Cryptocurrency in India:
In 2018, the Reserve Bank of India (RBI) banned the use of cryptocurrency as legal tender in India by issuing a circular. However, this decision was overturned by the Indian Supreme Court in March 2020, permitting banks to handle cryptocurrency transactions from traders and exchanges. The Cryptocurrency and Regulation of Official Digital Currency Bill, 2021 has been tabled by the government in the parliament and will most probably be taken up for discussion in the upcoming monsoon session
Taxation under direct tax regime:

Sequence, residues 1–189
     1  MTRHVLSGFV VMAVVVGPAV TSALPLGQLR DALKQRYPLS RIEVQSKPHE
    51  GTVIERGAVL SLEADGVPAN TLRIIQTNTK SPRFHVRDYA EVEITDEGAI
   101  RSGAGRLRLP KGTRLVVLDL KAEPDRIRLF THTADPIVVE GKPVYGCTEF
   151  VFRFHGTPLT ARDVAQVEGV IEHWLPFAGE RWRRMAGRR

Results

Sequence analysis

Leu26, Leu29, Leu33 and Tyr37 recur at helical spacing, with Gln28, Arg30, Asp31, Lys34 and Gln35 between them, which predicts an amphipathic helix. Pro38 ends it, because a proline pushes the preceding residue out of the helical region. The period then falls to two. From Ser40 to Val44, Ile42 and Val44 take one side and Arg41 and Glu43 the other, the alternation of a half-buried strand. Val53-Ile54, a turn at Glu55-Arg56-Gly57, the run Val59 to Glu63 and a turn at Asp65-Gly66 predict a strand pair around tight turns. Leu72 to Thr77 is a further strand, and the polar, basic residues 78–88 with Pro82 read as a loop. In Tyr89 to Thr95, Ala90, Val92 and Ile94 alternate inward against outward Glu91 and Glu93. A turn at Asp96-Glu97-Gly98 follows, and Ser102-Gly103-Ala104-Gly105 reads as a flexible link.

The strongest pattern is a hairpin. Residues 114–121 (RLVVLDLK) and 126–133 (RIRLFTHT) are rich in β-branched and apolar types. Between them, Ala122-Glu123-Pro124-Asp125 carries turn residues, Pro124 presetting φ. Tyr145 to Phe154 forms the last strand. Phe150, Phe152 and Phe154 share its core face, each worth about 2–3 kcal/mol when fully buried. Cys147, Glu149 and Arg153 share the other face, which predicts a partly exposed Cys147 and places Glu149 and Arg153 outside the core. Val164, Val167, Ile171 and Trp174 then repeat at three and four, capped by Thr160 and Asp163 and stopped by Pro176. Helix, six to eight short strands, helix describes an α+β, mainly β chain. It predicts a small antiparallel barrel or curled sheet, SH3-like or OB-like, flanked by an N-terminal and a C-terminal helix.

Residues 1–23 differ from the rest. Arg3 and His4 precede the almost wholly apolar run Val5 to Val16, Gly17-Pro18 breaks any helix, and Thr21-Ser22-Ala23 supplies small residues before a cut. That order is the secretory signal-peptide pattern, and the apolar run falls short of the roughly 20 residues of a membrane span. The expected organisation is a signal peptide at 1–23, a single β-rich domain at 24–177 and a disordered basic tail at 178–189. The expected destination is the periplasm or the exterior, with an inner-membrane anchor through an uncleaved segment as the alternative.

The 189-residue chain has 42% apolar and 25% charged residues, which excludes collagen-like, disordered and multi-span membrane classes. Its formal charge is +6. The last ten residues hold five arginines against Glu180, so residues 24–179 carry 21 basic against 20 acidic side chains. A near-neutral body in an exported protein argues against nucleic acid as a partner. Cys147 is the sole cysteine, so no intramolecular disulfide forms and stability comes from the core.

The treatment of cryptocurrencies under the direct tax regime is mainly governed by the Income Tax Act in India. In the current legal landscape, there is no certainty regarding the taxation of cryptocurrency nor any disclosure requirement about the income earned issued by the Income Tax Department. Moving on, if cryptocurrency is considered as ‘currency’, it would not be susceptible to tax under the IT Act. The first reason being, under the Act, the definition of ‘income’ is an inclusive one, which comprises not only the ‘natural’ meaning but also the items mentioned under Sec 2(24) of the IT Act. But neither the natural meaning nor Sec 2(24) of the IT Act includes ‘money’ or ‘currency’ as income, although it includes ‘monetary payment’. Secondly, being a mode of consideration, the tax incidence would be on the transaction and not on the currency. On the other hand, if cryptocurrency is considered as goods/property, then clearly it would be either covered within the charging provision of ‘Profit and Gains from Business and Profession’ or ‘Income from Capital Gains’, depending upon its use for business/profession or not. It would not be out of place to state that the ambit of the word ‘income’ is not restricted to the words ‘profits’ and ‘gains’ and anything which can appropriately be designated as ‘income’ is liable to be taxed under the IT Act, unless expressly exempted.